When Feedburner first came online I warned that there was danger in giving so much power to one company. They argued that they were just a little company, struggling to make a go of it, and no one should fear them. Some of them even took the predictable political tactic of trashing the personality of the person raising the question. I held my ground. I’ve been around this business a long time, and I was sure their strategy was to sell to a bigger company, and I don’t trust big companies. (...)
So now someone at Google “owns” Feedburner and all their feeds. And they could, if they wanted to, change the feeds to another format, overnight, without asking anyone. Reader software might have trouble working with it. They would say “Oh but the new feeds work better with Google Reader, and that’s the one most people use.” (...)
People at Microsoft used to say that Windows isn’t ready to ship until Lotus doesn’t run. That’s not a typo.
Whether Feedburner will start to “prefer” Google Reader or vice versa (it may or may not happen), this issue of cross-integration will grow in scale over time, as it already grew in the past: in each of Google’s services, Google throws some weight towards other of its services. Most of these seem so natural when we think of Google’s point of view that we forget there’s any bias at all. Blogger “prefers” AdSense; Google web search “prefers” Google Finance; Picasa Web Albums “prefer” the Google Account; Gmail “prefers” Google Calendar; Gmail also “prefers” Google Spreadsheets; Orkut “prefers” Google Video and YouTube; Google web search “prefers” Google Maps; Google Products/ Froogle/ Google web search, AdWords and AdSense “prefer” Google Checkout, and so on.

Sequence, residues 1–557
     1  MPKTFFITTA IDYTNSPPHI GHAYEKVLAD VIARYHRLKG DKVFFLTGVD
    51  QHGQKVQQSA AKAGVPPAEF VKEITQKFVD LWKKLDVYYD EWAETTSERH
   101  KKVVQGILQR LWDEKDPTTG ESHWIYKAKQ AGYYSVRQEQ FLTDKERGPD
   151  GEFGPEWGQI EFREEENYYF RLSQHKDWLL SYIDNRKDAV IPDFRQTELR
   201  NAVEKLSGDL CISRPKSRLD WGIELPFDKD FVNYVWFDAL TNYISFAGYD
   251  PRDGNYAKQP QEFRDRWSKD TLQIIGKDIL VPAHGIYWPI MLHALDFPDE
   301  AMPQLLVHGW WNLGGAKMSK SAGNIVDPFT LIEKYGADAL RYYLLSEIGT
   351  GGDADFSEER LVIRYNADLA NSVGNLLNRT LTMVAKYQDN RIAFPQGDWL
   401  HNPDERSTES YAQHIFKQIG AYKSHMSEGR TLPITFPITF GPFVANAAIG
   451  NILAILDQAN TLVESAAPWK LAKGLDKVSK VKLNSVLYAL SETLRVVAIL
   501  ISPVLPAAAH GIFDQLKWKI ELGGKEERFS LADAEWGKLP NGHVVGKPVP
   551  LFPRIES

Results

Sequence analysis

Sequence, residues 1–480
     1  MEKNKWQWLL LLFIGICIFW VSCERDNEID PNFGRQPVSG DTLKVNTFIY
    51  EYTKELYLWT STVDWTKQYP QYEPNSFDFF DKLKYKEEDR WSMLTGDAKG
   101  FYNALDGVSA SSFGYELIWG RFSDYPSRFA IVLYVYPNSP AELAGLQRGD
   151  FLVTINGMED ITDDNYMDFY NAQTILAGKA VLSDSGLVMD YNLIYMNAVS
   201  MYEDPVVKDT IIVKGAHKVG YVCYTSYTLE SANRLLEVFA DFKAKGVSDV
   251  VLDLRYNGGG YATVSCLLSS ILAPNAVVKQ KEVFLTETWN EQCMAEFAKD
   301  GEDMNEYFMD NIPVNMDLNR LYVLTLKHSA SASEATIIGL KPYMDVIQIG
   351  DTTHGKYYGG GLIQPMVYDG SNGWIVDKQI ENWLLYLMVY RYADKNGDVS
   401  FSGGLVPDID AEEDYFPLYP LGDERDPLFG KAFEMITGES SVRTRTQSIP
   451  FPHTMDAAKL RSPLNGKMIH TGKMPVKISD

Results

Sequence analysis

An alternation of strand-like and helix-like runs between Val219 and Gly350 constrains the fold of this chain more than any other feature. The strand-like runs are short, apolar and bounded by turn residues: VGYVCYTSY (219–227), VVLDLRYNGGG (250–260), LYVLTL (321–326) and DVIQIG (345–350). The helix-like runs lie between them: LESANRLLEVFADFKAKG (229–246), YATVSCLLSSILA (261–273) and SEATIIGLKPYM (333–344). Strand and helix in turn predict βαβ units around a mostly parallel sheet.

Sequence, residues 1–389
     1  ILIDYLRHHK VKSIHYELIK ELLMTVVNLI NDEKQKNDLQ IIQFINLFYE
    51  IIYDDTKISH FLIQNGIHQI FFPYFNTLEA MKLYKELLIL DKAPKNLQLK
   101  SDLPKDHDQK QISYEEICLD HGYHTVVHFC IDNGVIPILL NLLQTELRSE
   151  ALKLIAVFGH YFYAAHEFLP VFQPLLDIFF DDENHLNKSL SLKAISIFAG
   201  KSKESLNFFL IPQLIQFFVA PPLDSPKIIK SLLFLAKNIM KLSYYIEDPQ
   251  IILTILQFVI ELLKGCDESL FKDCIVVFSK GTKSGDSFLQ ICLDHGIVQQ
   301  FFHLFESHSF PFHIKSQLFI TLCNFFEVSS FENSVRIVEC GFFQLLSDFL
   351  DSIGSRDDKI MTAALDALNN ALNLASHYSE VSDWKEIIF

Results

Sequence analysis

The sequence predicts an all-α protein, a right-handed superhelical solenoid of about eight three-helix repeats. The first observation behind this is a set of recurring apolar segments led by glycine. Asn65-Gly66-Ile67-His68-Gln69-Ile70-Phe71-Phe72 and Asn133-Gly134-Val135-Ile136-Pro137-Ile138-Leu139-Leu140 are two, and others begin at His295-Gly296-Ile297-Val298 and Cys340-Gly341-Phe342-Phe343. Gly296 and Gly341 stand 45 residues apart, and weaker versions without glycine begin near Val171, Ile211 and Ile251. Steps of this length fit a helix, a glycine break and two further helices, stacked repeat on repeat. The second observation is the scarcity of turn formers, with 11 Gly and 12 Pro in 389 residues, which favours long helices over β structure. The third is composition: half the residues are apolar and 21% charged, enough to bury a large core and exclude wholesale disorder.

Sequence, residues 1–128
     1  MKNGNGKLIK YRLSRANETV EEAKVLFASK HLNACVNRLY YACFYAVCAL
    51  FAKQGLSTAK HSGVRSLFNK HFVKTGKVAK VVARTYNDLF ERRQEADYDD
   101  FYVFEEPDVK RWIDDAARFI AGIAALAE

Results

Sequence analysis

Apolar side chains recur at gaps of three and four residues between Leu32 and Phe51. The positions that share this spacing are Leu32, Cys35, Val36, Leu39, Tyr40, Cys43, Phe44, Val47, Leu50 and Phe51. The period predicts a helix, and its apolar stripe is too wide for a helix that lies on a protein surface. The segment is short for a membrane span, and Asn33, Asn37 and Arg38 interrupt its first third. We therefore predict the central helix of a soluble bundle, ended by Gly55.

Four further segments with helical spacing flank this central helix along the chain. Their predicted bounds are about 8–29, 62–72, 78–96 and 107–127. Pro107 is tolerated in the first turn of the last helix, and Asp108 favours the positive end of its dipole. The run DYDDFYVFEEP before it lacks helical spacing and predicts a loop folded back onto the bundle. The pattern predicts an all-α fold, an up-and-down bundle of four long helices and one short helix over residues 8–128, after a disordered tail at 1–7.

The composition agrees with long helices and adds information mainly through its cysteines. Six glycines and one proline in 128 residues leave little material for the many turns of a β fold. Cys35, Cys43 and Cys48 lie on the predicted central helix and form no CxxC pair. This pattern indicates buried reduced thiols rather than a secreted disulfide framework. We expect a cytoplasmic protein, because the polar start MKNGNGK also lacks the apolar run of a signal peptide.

Update: Danny Sullivan chips in in the comments (HTML’ified):
Let’s see – Google buys FeedBurner, and then FeedBurner makes the MyBrand feature free for anyone to use. MyBrand is the feature that puts feeds under your own domain, which means if you want to buy into Dave’s paranoia, you can move off and take your readers with you.
Yeah, pretty clever of Google. Let’s make it easier for them to leave by making a formerly paid product free.
Look, anyone who started using something using someone else’s domain has themselves to blame, to begin with. But after Dave initially banged on FeedBurner those years ago, they quickly responded to make it so that you can move your feed even if you didn’t use MyBrand, through redirection. He never seems to credit them for this. In addition, they came out with MyBrand, which anyone who really cared could have used for I think over two years now, for a small fee. But as I said, it’s entirely free now.
So paranoid? Go get MyBrand. Here’s my guide to it.
The only change is, you know, it doesn’t cost money anymore.
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